Want a fast, reliable, and eco-friendly way to get to O’Hare?
So do we. It’s not an impossible dream.
Fast, frequent, and affordable trains are the answer.
O’Hare is the Midwest’s gateway to the world. It has more international destinations than all other airports in the Midwest combined.
But getting there usually means a long car drive or a cramped regional flight. Pick your poison: traffic jams or unreliable feeder flights—and long waits in either case.
Everyone is fed up with these options: executives in downtown Chicago, students in Champaign, orthopedic device designers in Warsaw, Indiana. We all want a fast, reliable, and stress-free way to get to O’Hare.
Business travelers have gotten most of the attention when trains to O'Hare have been discussed in recent years.
In truth, they are just one segment of many that need good access to O'Hare.
The good news is that when done correctly, good trains serve many markets at once—including O'Hare's many airport workers.
O’Hare does long-haul domestic and international flights really well. So it’s odd that much of its capacity is devoted to small feeder planes that shuttle people to O’Hare from around the Midwest. These connector flights are frequently cancelled in bad weather, or when passenger loads are light. So travelers often drive hundreds of miles to O'Hare instead of taking the risk.
It’s a radically inefficient system. It makes no sense for anyone: not for airlines, not for travelers, and certainly not for the airport itself or the City of Chicago.
Replacing feeder flights with trains will open capacity for big planes and long-haul domestic and international flights. It’ll also bring more reliability to the system.
A midwest high-speed rail network would put 45 million people within a 3-hour train ride of O’Hare. Most trips will take much less than that, of course. Instead of idling in traffic jams or sitting in the airport and on runways, travelers can work on the train—or just relax.
And, because O’Hare charges more in landing fees for big planes than small ones, Chicago will also bring in more money. That’ll help pay for the airport’s ongoing expansion project, while allowing O’Hare to do what it does best: focus on long-haul flights. Since longer flights are more profitable than puddle jumpers, more of them means more revenue for the airlines, too.
The infrastructure that makes this possible also means better trains between O'Hare and the rest of Chicagoland.
A recently opened parking garage is part of the ongoing O’Hare expansion. It is also the home of rental cars, hotel shuttles, and regional buses. It connects to the terminals by the airport transit system.
It also happens to be right next to the tracks that host Metra’s North Central service.
Building a new train station into the garage to replace the existing Metra O'Hare Transfer station would be the most expedient way to get trains to O'Hare. Trains from all over the Chicago region and around the Midwest could stop here.
Suburban residents could park here to catch a regional train too.
Ultimately, a new tunnel should be dug under the airport so that high-speed trains from around the Midwest can serve the airport directly.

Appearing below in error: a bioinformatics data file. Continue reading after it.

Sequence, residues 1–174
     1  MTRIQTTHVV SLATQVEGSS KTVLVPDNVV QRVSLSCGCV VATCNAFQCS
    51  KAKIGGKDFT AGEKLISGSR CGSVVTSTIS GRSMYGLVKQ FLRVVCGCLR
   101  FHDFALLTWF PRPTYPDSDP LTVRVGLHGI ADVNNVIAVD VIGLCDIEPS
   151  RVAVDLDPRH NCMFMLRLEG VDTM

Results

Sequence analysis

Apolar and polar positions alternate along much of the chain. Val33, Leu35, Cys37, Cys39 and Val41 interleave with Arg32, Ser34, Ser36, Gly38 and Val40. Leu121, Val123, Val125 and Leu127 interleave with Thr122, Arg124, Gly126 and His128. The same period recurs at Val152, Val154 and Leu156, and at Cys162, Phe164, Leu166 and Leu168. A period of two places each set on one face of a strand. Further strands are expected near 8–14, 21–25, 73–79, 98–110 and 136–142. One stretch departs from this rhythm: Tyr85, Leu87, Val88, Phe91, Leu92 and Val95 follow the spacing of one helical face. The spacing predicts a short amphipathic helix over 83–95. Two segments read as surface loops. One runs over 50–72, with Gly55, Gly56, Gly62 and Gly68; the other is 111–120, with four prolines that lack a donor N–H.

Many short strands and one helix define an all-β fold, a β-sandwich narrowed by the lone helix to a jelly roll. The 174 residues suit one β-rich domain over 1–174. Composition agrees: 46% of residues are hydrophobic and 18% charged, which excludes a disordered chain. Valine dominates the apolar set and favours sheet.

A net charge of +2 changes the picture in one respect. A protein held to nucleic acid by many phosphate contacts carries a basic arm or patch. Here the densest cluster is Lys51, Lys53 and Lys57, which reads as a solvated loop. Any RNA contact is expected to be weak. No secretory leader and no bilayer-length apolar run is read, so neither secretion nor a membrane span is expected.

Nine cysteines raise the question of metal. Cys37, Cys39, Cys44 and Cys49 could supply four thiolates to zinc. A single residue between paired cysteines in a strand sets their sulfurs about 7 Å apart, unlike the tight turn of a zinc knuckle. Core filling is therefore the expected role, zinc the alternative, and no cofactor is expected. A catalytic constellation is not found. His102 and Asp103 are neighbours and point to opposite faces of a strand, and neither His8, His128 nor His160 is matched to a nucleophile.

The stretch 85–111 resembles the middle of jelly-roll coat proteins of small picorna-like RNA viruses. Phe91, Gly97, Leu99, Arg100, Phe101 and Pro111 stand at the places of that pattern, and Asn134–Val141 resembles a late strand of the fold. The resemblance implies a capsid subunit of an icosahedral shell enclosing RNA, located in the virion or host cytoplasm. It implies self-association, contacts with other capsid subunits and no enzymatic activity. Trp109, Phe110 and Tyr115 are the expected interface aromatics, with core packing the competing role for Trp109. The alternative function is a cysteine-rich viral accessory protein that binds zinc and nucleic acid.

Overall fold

Once there’s a station, there can be trains. The tracks are already in place for trains from Chicago Union Station, but O’Hare needs trains from more than just downtown.
By adding track to existing Metra lines, trains from around the Chicago region—and the entire Midwest—can stop at O’Hare. Coming from Barrington? Easy. Aurora? No sweat. McCormick Place, Hyde Park, the south suburbs? It’ll be a one-seat ride to O’Hare with our CrossRail Chicago proposal.
And what about the trains from places around the Midwest that replace those puddle-jumper flights? Amtrak trains from Milwaukee, Champaign, Kalamazoo, or almost anywhere can make a detour or extend their trip past downtown Chicago and take you directly to O’Hare.
With the later addition of new high-speed track, these trains from around the Midwest can even be faster than flying. Until then, they’ll definitely be easier, more comfortable, cheaper, and greener than short connecting flights.
Once the station and tracks are in place, the trick is to run the right kind of trains. The aging cars that Metra and Amtrak use today require you to climb stairs, which is difficult when you’re carrying luggage.
Modern train equipment has bigger doors with fewer or no steps to climb. New trains have luggage racks near the doors and wide aisles that make it easy to get on and off. They also have spaces for bikes and are easier for people who use wheelchairs or crutches.
With modern locomotives, trains are quieter, cleaner, and more fuel-efficient. Or, the trains can have the engines distributed throughout, so a separate locomotive isn’t needed. Either way, modern train designs are lighter but also stronger. They not only start and stop faster, they’re safer, too.
Our immediate goal is to get trains from around the Chicago region and the Midwest running to and from O’Hare. The ultimate goal is to create a regional high-speed network with the airport at its heart.
Ready to take the train to your plane? Send a message today. We've made it easy to tell your elected officials in Washington, D.C. (and Springfield, Illinois) that O'Hare needs trains!